Fatal Distraction - Feedback Friday

As the temperatures in Pittsburgh have soared into the 80's and 90's this summer, stories have already surfaced detailing the deaths of children forgotten in hot cars. With July being the most deadly month for these tragic accidents, it's worth taking a minute to think about today.

Momlogic Newsletter summarized the 23 children who have died in hot cars already this season. A few sentences summed up each horrible accident, an example of how easy it is to forget what you are doing and leave a helpless child in a hot car.

Mommywords.com compiled a top 10 list for remembering your child in the back seat that might have seemed silly 10 years ago. Before the distractions of satellite radio, built-in DVD players, cell phones, blue tooth, before passenger seat airbags forced parents to only place children in the back seat...The list recommends pasting a note to your dashboard, placing a stuffed animal in the empty passenger seat beside you, leaving your briefcase in the back seat.

Gene Weingarten, from the Washington Post, wrote the award winning article Fatal Mistake last summer. He followed the stories of several such incidents.

What kind of person forgets their child in a hot car? Research suggests that this phenomenon extends to reach all of us, Weingarten goes on to list:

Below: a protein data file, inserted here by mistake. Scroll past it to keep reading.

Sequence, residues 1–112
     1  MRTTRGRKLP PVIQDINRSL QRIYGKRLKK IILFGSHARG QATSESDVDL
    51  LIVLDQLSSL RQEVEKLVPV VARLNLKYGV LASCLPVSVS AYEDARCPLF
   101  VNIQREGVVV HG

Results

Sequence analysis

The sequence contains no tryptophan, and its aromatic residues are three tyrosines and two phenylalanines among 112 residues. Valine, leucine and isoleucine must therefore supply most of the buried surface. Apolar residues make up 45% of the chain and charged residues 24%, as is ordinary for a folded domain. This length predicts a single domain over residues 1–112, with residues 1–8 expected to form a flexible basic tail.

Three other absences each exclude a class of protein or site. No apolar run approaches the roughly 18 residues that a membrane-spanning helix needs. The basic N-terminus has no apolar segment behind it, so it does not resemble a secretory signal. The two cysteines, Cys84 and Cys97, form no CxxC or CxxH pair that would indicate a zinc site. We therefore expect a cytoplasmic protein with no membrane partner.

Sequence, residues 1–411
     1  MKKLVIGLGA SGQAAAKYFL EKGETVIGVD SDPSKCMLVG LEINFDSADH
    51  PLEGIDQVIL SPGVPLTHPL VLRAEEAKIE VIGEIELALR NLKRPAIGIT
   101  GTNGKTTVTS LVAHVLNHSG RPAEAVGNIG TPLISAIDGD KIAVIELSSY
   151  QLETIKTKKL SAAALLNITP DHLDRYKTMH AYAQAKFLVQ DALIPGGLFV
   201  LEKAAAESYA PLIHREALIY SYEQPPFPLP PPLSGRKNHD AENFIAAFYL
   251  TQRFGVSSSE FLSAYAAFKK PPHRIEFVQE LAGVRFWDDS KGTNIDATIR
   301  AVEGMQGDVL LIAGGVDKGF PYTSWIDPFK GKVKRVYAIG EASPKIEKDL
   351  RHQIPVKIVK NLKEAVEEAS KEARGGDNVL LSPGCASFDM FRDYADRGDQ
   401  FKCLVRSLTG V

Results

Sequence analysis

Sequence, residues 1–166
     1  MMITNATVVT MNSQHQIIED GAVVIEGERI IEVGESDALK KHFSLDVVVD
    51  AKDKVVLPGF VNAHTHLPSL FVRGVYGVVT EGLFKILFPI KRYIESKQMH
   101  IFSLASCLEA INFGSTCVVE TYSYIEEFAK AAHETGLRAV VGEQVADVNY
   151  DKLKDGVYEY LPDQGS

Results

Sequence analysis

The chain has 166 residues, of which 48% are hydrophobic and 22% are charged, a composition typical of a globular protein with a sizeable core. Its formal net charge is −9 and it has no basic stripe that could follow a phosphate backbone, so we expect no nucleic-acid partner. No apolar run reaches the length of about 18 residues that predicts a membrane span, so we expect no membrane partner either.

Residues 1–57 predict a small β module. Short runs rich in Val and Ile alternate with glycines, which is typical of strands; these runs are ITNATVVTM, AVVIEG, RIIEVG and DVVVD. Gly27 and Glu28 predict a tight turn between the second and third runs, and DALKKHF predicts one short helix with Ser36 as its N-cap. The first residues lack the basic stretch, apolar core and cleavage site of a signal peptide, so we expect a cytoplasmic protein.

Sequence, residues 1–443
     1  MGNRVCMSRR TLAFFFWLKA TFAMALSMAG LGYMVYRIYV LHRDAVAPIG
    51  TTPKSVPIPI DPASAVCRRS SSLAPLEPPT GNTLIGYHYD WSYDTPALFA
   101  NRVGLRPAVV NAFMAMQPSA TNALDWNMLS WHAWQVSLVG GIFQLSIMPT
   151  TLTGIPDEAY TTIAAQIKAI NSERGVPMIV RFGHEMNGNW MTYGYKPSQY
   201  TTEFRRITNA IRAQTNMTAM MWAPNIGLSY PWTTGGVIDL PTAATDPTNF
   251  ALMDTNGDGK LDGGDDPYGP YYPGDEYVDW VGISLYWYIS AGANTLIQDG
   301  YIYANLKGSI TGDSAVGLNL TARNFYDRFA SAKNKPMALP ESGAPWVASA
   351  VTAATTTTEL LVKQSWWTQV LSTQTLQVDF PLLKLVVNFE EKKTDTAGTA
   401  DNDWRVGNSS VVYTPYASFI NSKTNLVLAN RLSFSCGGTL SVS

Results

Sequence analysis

"In the last 10 years, it has happened to a dentist. A postal clerk. A social worker. A police officer. An accountant. A soldier. A paralegal. An electrician. A Protestant clergyman. A rabbinical student. A nurse. A construction worker. An assistant principal. It happened to a mental health counselor, a college professor and a pizza chef. It happened to a pediatrician. It happened to a rocket scientist."

In most cases, something unusual has happened to distract or confuse the responsible adult, causing them to forget about their precious cargo. Many times, the caretaker drives right to the daycare to pick the child up at the end of the day, only to find them dead in the back seat. A change in schedule, an early meeting, a last minute phone call is enough to erase the memory of the sleeping child in the car seat. The results can be devastating.

Weingarten raised an interesting question as he followed several parents, some of whom were prosecuted for their child's death. It's Feedback Friday so tell me...

Forgetting a child in the backseat of a car:
Mistake or Crime?


  1. Crime.

    What can be more important than your child?

    I never let my children sit in the car alone if I need to walk out of sight.

    I always think about what could happen: There might crash a car in mine - and I don't see it and can't help my children.

    Or I could get a heart attack and noone would know that my children sit in the car.

    Or whatever.

    So I take my children always with me, even if I just jump into the grocery store to buy three bananas.

    Yes, that is time waisting, but much better than a dead child.

    And I always stand next to a car where I child sits alone and wait for the parent. And ask them, why they let their child alone.